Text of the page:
Shane M. Fagan Joseph Cunningham

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Shane M. Fagan

Joseph Cunningham



The Titanic Going Under

When there is a colossal event that takes place the only part that gets remembered is the climax. People overlook the rest of the details that take place while they are overwhelmed by the big picture. To really understand something, all the little things must be considered to fully grasp what truly happened. Once all the background information is understood the event can be analyzed and the climax can be felt with full impact. Then it can be looked back on as a multi-genre story on behalf of all the contributing factors. The event that will be analyzed from all angles and fully understood will be the final destination of the White Star Line. The Titanic being built, its voyage, and its deep-sea grave all must be interpreted to understand how the unsinkable ship sank on April 15, 1912.

Every major event does not just randomly occur as there are steps leading up to it. To begin the story of the Titanic, first the ship being built will be discussed. The massive ship’s full name was the Royal Mail Steamer Titanic, and with the idea of a boat this size caught some attention. As soon as the idea was brought up completion began to swirl between rival shipping lines. Each company wanted to be the one in charge of the construction of this masterpiece (Titanic 1). To be exact, the shipping lines that would compete for this honor consisted of the White Star Line, Cunard, and a British firm. That British firm had two of the most sophisticated and luxurious ships of their time. Cunard stated, “We will release two standout ships that rank among the most prestigious ones still afloat.” Cunard had a ship called Mauretania that set a record for the fastest time of transatlantic crossing (Titanic 1). Cunard also had a ship named Lusitania, which was envied for its astonishing interior.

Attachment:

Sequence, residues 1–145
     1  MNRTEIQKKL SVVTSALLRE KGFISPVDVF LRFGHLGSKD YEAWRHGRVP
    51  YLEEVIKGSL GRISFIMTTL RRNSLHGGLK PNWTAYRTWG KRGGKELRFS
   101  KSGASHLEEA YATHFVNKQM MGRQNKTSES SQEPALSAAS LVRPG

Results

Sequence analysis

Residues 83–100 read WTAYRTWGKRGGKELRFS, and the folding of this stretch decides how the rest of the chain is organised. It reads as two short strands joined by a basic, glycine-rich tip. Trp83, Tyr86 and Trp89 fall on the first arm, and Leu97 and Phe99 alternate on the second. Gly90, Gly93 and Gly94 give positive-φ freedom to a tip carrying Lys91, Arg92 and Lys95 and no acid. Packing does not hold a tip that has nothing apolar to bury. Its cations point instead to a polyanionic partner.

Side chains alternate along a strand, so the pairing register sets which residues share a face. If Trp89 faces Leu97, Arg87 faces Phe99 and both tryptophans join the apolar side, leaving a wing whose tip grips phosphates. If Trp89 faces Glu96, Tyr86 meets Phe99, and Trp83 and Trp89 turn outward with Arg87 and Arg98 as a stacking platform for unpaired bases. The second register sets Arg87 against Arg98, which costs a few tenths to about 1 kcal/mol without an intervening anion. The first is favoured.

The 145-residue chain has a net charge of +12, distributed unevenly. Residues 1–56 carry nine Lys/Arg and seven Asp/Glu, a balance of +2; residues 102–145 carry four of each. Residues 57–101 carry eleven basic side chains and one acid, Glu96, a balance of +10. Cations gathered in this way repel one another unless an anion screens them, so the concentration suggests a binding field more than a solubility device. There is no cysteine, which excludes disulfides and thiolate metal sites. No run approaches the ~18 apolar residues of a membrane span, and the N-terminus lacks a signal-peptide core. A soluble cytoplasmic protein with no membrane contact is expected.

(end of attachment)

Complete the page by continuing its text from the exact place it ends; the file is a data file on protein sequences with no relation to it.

With those incredible ships already accomplished, White Star Line took it upon themselves to go ahead and construct an even more marvelous ship (Titanic 1). The chief executive of White Star, J. Bruce, discussed this with the chairman of the shipbuilding company, Harland & Wolff. They came up with a goal of making a new class of Olympic liners. Each ship would ideally measure 882 feet in length, 92.5 feet in width, and they would each use over 18 boilers to power the steam engine (Titanic 1). Instead of going through with it, they decided to focus on one ship to perfect. They planned to make it with the same dimensions but instead of 18 boilers, the ship would use 29 giant boilers to power its two steam engines (Benzkofer 1). In 1909, the stupendous feat of constructing the Titanic commenced, and the ship was worked on until it was finished in the spring of 1911 (Titanic 1). With the blueprints being drawn out for the masterpiece, there still lies the task of preparing the ship for all possible concerns.

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